The Goldfinch by Donna Tartt
I was unsure about this one. At 773 pages it would the biggest book I’d read in quite a while, and I’d heard it bigged up as a literary masterpiece. Could I fit that into my schedule and give it enough time for it to have a proper chance? Then I spontaneously borrowed the audiobook from the library, listened to it on my commute (around 55 minutes each way in the car) and quickly became addicted.
It follows Theo Decker whose mother dies when he is 13 in a traumatic terrorist attack in a New York museum from which he escapes with a famous and valuable piece of art. What follows next is a winding road over 13 years from the high society of New York, the desolate and empty new-build streets of Las Vegas where Theo first becomes caught up with alcohol and drugs, back to New York for a lesson in antique furniture dealing, and then onto snowy Amsterdam at Christmas. During all this time the painting is at the forefront of Theo’s mind and the whole is just wonderfully constructed.
The reason 773 pages flies by is the way the plot moves through these grand stages in Theo’s life, and the attention to detail anchoring the sweeping storyline. I won’t say any more so the book can be discovered relatively untouched, but for anyone unsure I would recommend giving it a big chance.
In A Dark, Dark Wood by Ruth Ware
This follows Nora who is invited to her childhood best friend’s hen do after they had no contact for 10 years. She had fled after a bad event at age 16 and never looked back. But the hen do is at a strange glass cottage in the middle of the woods, and there’s no way it’s going to end well…
I was invested pretty early on, but from about halfway through I just raced through as I could barely put it down. In fact, my whole Bank Holiday Monday morning was just reading this book. There’s a small cast of characters cooped up together which means you get to get to know them all well and develop theories about their innocence or guilt at various points. The structure helps build the tension, as the reader flicks between Nora in hospital trying to piece together her memories, and the events themselves. It becomes truly intense and creepy at times. It’s just a shame about the ending which lets it down sadly, with the explanation and reasoning behind everything. At least we can enjoy the ride.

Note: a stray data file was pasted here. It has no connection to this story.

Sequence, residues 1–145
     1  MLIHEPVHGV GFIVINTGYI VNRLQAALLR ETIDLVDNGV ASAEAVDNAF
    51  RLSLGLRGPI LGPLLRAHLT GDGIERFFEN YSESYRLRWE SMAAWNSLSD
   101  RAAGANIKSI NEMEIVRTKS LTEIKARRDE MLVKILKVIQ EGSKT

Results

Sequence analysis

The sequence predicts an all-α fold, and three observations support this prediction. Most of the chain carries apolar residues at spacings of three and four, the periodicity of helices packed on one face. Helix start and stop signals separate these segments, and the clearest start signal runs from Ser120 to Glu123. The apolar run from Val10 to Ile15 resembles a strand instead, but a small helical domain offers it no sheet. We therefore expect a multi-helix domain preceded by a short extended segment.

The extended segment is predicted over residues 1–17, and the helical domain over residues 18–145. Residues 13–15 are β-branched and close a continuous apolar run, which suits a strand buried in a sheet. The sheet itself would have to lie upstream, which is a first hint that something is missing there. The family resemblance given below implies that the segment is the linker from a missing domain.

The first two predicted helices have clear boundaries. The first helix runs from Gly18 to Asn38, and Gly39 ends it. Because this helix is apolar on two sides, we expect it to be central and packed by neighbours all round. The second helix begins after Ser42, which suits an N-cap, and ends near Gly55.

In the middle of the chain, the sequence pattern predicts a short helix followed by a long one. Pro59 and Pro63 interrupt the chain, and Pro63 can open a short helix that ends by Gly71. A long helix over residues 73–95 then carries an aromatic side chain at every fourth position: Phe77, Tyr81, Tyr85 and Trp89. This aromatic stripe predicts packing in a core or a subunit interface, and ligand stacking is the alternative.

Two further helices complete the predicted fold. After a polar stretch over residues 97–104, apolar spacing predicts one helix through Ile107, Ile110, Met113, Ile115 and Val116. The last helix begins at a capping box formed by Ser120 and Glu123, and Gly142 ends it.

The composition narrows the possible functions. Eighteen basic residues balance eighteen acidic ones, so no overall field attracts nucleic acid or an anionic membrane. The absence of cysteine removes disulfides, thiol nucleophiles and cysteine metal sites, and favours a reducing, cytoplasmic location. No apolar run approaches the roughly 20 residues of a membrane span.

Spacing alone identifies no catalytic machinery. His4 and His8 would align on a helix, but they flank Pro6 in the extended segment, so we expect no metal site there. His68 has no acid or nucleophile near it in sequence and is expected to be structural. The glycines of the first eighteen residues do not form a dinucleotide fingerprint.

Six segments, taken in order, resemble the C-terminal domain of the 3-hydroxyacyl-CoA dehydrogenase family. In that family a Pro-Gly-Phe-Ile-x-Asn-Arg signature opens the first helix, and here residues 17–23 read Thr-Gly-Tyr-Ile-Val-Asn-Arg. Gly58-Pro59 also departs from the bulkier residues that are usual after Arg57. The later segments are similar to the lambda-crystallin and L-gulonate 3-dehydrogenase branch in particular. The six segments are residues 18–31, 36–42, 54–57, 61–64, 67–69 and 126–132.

Modern Romance by Aziz Ansari
Aziz Ansari is a fantastic comedian, sharp and frenetic in his stand-up and shows like Parks and Recreation. There’s a small amount of that in this non-fiction book about dating in the modern world, but there could be more.
Ansari worked with a sociologist to delve into the reasons behind the transformation in romantic habits from past generations to now, mostly to do with technology, but I don’t think they found anything groundbreaking enough to feel the journey is worthwhile. There are some laughs along the way, but not enough of Ansari’s unique voice shines through.
Jonathan Unleashed by Meg Rosoff
I adored Meg Rosoff’s How I Live Now as a teenager but Jonathan Unleashed is her first adult novel so I didn’t know what to expect. It follows ad writer Jonathan while he’s looking after his brother’s two dogs for a while and simultaneously deals with his overbearing girlfriend who coerces him into a wedding that will be livestreamed online for her bridal magazine. It’s safe to say he’s struggling to cope with life.
I read the book in just three days – it is funny and touching in equal measure as it deals with mental health and just generally becoming a ‘proper adult’ in a big city. What made it for me was the dogs and they way they become characters, friends and motivated beings in their own right. That’s such an unusual way to deal with a main character and it frames Jonathan in a fun way that makes you want to see what they’ll all get up to next.